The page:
A widespread snowstorm walloped western Washington on Wednesday, with the heaviest blow missing Seattle and hitting the Olympia area, causing accidents, closing schools and canceling flights at Sea-Tac Airport.
There were 95 accidents in an eight-hour period in Pierce and Thurston counties, which include Tacoma and Olympia, State Trooper Guy Gill said Wednesday morning. Most were spinouts.
"You need to pick a rut and stay in it. If you get off the beaten path, you're in deep trouble," Gill said. "I saw a guy in my rear mirror — I saw headlights and tail lights and headlights and tail lights again as he spun around off the road."
"For the first time in my career I had to put chains on," Gill said. "You stay in the path laid down on the freeway. You get off that, you are in trouble."
Olympia had about a foot of new snow on the ground by 7:30 a.m. The city could break its record of 14 inches of snow in a 24-hour period, said Brad Colman, meteorologist in charge of the National Weather Service office in Seattle. Areas south of Olympia could get 20 inches.
"They're getting hammered," Colman said.
Tacoma had about 7 inches of snow for the morning rush hour. Seattle had compact snow and ice on roads for commuters. Lesser amounts were reported north of Seattle.
Southeast Washington also is getting a good shot of snow with 6 to 10 inches expected in the Palouse, said meteorologist Colby Neuman at the Weather Service office, where only 2 to 4 inches were expected.
"This will be right up with the most snow this season," Neuman said. "This has been an un-snowy winter."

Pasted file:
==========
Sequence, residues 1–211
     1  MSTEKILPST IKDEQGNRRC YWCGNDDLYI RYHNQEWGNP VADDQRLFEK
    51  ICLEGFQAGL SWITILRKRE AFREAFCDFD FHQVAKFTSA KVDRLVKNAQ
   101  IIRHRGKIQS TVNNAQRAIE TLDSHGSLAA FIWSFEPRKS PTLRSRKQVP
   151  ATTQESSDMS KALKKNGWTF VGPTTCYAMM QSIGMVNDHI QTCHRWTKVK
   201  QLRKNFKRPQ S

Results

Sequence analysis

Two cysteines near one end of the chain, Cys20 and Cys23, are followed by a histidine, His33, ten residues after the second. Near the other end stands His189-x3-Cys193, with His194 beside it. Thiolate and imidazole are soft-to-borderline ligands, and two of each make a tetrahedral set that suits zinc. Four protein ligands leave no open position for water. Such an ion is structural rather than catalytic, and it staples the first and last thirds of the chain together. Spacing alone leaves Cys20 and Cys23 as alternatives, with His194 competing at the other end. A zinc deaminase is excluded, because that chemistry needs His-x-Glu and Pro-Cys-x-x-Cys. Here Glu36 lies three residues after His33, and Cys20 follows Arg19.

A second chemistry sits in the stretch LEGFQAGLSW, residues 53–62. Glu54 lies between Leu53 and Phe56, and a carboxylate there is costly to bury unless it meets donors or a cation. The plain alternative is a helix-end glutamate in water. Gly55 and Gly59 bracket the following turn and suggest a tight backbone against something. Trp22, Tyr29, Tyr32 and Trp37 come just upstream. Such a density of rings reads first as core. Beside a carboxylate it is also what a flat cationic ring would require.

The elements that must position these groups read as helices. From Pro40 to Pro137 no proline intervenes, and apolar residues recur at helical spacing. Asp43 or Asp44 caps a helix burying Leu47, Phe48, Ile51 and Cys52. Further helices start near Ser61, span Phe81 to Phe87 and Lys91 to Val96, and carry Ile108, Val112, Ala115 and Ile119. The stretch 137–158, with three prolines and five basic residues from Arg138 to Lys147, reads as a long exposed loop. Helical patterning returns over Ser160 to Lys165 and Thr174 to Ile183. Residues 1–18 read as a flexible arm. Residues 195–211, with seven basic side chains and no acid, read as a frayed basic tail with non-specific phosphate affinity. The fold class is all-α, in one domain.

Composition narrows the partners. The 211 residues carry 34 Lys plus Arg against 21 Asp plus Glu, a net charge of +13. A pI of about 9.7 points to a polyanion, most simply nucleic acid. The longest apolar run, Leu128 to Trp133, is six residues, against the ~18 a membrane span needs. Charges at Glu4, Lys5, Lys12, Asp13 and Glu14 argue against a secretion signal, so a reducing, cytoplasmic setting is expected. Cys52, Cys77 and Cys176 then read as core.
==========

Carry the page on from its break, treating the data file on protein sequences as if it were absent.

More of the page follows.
Heavy snow has been falling in Washington's mountains with up to 2 feet of fresh snow expected by Thursday. Interstate 90 across Snoqualmie Pass was shut down for much of Tuesday for avalanche control work.
Washington residents had plenty of warning as snow showers started over the weekend. With the big blow in sight, Seattle and other school districts canceled classes in advance.
Alaska Airlines announced late Tuesday that it canceled 38 flights into and out of Seattle and Portland, Ore. Several downtown Seattle hotels reported all their rooms were booked. Elsewhere, shoppers stocked up on groceries.
The state Emergency Management Division activated its operations center at Camp Murray on Wednesday to help deal with the snowstorm, but cities and counties were handling the situation on their own, said spokesman Mark Clemens. Nonetheless, representatives of the emergency division, National Guard, Transportation Department, Washington State Patrol and other agencies were ready to coordinate their work.
Seattle also activated its Emergency Operations Center. The city's Transportation Department has 33 vehicles out, focusing on keeping arterials and bus routes open. In advance Tuesday, they spread 4,000 gallons of brine and 113 tons of salt, said spokesman David Takami.
Many courts and government offices and libraries closed. Garbage collection was postponed. Sen. Patty Murray canceled her event at a Tacoma company where she planned to talk about employing veterans.
Forecasters expected the weather to transition back to normal Thursday and "good old rain back Friday and Saturday," meteorologist Colman said.